Trends in the receipt of formal and informal care by older people

Details

Summary

This research seeks to understand 'how' and 'why' the relationship between formal and informal care for dependent older people living at home has changed over time in Britain.

The research will look initially at changes in the use of both informal care (help provided by family, friends, and neighbours) and formal services (assistance provided by health and social services), and combinations of both, for a variety of daily living needs over 20 years in Britain (1980-2001).

Six years of the General Household Survey (GHS) will be pooled together to determine the overall level of help provided to older people with needs living at home. Factors or 'determinants' from three categories: individual and household level; service levels; societal level will then be entered into the explanatory models and statistical software will determine how important each is in predicting the use of informal and formal care. The analysis will also show how changes in these factors have affected the utilisation of informal care and formal services and the relationship between both over time.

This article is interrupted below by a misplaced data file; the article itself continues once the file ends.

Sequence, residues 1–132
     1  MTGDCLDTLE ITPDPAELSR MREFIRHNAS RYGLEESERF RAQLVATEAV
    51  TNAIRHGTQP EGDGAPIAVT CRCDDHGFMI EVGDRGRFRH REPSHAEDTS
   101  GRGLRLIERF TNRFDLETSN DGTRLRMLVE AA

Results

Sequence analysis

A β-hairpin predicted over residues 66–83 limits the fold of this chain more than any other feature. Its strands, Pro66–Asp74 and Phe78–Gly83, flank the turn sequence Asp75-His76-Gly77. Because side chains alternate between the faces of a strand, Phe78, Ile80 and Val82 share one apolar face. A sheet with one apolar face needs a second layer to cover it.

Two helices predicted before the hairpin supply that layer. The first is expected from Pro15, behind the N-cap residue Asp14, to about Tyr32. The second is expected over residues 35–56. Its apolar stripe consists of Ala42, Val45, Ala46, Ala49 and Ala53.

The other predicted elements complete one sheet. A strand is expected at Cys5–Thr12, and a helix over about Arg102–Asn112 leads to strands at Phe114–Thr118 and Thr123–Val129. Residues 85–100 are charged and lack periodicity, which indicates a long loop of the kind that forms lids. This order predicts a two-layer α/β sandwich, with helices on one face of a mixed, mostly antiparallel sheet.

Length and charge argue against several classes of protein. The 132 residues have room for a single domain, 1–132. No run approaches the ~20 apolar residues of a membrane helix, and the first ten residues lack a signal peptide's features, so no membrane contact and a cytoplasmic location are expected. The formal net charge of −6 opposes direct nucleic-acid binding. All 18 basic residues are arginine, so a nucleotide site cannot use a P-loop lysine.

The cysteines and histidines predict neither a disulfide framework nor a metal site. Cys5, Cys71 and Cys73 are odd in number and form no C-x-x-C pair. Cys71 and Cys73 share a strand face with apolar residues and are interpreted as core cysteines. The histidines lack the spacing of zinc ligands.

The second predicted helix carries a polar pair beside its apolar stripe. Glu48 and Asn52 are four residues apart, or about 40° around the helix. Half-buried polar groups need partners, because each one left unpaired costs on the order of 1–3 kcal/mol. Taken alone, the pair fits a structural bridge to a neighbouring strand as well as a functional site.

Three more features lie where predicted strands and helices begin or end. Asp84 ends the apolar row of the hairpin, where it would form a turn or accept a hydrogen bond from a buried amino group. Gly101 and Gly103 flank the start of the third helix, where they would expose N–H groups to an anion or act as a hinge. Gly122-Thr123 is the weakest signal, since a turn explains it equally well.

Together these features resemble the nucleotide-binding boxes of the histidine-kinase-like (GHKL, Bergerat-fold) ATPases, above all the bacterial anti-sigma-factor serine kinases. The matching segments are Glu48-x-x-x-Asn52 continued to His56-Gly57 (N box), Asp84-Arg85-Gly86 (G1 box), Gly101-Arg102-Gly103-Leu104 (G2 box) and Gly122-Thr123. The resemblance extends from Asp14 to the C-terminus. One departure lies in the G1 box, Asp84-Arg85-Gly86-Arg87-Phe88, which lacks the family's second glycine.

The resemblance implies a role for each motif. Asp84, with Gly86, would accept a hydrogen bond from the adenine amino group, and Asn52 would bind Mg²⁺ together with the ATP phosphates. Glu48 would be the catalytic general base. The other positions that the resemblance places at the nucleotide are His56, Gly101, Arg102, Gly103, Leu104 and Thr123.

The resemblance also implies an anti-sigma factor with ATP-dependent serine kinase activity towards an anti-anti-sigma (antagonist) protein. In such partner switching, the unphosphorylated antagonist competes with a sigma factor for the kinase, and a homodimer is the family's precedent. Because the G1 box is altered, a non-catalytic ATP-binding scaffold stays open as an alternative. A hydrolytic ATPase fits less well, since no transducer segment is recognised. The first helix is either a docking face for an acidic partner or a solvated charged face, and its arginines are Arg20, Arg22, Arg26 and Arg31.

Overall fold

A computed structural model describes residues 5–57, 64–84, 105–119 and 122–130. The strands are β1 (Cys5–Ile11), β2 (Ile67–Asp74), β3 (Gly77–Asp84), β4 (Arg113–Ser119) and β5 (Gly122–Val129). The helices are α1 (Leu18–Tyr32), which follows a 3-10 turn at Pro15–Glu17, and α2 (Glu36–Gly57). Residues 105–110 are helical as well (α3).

Project outputs

Documentation

  1. Research Summary (Non-Technical Summary) (24 pages, 10,000 words) submitted to ESRC Society Today (2 February 2008)- Awaiting ESRC Review.
  2. Manuscript (15 pages, 5000 words) entitled ‘Trends in typologies of care of older people with functional dependencies living at home in Britain: the impact of the National Health Service and Community Care Act (NHSCCA) 1990’ submitted electronically for publication to Health and Social Care in the Community (28 December 2007). Awaiting AE recommendation.
  3. Contributed paper (11 pages, 2,400 words) ‘The impact of the National Health Service and Community Care Act (NHSCCA) 1990 on the ‘typologies of care’ of older people with functional dependencies living at home in Britain (1980-2001)’ to be published in Radical Statistics – Special Issue 96.

Presentations

  1. Paper presentation - Social Policy Association (SPA) Annual Conference 2008
  2. Paper presentation - British Society for Gerontology (BSG) Annual Conference
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